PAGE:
I know these problems are nothing when compared with people who are struggling health wise or who are facing severe financial problems as a result of the virus. I’m also extremely grateful for the people who are working tirelessly in the healthcare, science & other essential fields to get us through this.

My next post will bring a smile (hopefully a chuckle too).

Keep traveling, keep safe.

DanVenture Travels

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50 thoughts on “Coronavirus & The Expat – Doha, Qatar

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  1. Hey Dan, I’ve read everything and feeling that extreme homesickness in this time of pandemic is very normal. After all, even those who stay with their families feel lonely too sometimes. These are just really hard times but I know that you can do it. I feel you’re very considerate of others and that really makes you a gift to humanity. Stay safe always there in Qatar and remember that eventually, all will be well. 🙂

    Liked by 4 people

    1. Well expressed! I too struggled with the decision to remain in Mexico rather than return to Canada. But it’s been 10 years since I’ve lived in Canada. But my children and my granddaughter are there and it’s really hard to be so far away. Stay safe!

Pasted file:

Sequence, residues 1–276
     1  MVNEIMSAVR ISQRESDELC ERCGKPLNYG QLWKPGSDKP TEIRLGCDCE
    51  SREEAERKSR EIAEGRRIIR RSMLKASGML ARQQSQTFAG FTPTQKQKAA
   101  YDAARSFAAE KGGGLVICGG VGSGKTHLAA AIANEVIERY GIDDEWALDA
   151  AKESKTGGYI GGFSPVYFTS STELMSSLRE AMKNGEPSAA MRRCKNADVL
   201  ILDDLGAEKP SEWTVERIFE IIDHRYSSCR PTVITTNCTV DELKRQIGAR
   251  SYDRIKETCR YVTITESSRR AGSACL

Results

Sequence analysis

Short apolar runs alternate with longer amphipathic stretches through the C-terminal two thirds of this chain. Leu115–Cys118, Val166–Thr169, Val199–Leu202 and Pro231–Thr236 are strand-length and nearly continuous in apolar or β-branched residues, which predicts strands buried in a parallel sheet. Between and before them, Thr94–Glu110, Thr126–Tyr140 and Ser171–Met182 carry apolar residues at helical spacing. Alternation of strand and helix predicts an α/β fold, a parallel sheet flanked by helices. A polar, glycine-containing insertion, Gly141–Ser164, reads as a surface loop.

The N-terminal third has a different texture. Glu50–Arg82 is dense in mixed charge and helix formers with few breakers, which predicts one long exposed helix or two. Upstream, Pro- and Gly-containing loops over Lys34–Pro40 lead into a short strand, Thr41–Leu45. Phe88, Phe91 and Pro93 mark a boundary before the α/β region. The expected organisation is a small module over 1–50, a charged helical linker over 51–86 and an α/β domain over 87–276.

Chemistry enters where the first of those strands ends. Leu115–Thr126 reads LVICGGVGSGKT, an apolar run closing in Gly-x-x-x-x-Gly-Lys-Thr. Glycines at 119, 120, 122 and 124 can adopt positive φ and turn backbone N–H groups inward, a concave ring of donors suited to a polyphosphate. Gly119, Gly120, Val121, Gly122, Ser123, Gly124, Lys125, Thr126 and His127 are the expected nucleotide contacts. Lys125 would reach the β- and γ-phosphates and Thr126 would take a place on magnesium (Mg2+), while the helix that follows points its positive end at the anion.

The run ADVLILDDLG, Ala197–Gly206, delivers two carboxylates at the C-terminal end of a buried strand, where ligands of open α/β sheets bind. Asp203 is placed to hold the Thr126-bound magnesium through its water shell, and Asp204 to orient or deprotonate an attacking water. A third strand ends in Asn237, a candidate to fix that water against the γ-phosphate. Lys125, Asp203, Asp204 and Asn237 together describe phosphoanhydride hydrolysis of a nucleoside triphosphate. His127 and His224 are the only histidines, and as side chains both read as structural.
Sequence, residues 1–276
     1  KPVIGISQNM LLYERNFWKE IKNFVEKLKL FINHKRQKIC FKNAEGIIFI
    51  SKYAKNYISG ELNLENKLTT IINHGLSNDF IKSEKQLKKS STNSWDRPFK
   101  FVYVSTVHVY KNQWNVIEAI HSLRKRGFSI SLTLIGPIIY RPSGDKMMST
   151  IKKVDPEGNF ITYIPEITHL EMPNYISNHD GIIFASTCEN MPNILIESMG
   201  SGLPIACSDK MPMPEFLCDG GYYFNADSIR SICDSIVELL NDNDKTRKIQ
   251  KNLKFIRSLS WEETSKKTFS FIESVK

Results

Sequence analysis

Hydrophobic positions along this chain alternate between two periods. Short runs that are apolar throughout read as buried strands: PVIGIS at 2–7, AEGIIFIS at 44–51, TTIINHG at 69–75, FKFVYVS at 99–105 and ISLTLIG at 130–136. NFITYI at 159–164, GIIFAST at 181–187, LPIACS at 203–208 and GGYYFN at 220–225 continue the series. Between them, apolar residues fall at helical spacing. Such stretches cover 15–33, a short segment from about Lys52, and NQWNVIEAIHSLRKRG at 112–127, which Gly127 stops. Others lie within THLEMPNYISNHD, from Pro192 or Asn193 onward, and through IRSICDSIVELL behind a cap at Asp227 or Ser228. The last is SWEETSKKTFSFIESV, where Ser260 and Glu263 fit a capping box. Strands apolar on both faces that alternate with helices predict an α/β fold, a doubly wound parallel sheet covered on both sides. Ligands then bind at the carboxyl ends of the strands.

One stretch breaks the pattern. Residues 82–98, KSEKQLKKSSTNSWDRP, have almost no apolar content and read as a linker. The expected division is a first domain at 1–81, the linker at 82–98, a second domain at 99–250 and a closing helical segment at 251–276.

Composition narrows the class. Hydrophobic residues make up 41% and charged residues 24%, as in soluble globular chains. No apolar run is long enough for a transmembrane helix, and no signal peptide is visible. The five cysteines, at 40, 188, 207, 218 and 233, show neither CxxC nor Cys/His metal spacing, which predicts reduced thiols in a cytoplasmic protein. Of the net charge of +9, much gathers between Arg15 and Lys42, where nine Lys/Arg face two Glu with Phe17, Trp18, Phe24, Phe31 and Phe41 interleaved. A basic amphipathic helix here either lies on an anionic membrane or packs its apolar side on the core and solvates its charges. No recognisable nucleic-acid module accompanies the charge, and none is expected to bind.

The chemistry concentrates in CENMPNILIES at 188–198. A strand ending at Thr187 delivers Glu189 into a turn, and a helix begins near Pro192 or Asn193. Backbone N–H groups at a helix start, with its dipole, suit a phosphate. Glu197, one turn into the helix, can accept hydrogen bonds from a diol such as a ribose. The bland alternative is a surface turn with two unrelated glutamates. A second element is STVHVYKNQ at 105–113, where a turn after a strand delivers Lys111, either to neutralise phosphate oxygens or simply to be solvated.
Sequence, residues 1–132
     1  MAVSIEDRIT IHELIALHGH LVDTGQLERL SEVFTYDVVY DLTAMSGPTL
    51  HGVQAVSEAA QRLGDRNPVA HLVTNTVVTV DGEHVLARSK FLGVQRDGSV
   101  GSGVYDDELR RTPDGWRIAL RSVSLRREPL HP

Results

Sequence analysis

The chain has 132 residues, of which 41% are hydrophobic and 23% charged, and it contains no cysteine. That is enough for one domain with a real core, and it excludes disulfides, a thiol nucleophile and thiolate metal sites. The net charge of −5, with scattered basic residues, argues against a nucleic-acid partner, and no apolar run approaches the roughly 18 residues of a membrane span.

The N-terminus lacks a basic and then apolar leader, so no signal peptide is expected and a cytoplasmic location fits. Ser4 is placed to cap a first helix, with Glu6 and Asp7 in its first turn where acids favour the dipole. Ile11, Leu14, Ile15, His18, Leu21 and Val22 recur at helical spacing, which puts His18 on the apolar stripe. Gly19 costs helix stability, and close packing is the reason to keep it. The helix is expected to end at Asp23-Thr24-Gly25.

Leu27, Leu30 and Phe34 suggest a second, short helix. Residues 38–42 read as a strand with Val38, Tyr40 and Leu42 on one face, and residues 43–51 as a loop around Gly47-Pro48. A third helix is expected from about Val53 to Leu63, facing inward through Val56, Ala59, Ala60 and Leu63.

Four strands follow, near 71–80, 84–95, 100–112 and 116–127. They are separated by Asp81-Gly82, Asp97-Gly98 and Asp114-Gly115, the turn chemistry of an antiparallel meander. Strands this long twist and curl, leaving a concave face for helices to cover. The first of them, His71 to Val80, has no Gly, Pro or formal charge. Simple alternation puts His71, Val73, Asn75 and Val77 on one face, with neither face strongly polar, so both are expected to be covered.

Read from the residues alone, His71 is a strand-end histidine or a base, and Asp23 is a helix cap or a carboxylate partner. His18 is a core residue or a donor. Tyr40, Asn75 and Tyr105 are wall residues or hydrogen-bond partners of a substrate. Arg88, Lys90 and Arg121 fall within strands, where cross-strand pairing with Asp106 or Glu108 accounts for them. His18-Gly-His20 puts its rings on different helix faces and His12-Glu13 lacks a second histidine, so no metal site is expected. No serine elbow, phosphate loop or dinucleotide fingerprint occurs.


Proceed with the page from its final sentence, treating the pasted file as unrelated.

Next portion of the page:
Like

  2. Stay strong, a lot of expats are going through a similar experience right now. It’s a really tough time for everyone. You were thinking of your family first, and that’s pretty selfless.

    Liked by 1 person

  3. Our families are like the world, international, many of us are now separated from the rest of our families because of border closures. In many ways it is safer for everyone.

    Liked by 1 person

  4. Thank you so much for sharing your feelings on this whole thing. This is a time where I think we need to share these real feelings to keep us going. People are not alone in feeling the way they feel, and by you sharing this, it helps immensely. 🙂

    Liked by 4 people

    1. Your problems are just as real as everyone else’s. Don’t ever feel bad for dealing with an issue that’s not as worse as anyone else’s.

      It would be hard living in a country away from family during a time like this. If I had the choice like you, I’d go back home and ride it out with family. But everyone decides differently.

      I do how you’re surviving!

      Liked by 1 person

  5. I completely relate to and understand how you feel. I have been living away from my family for a long time. Although we are in the same country my parents and I live about 3000 kms given the length and breath of the country and I cannot help ponder when will I see them without any worries. It certainly is upsetting and throws one in the pathos of despondency but I am trying to be hopeful and believe that better days await us soon. Stay safe and well 🙂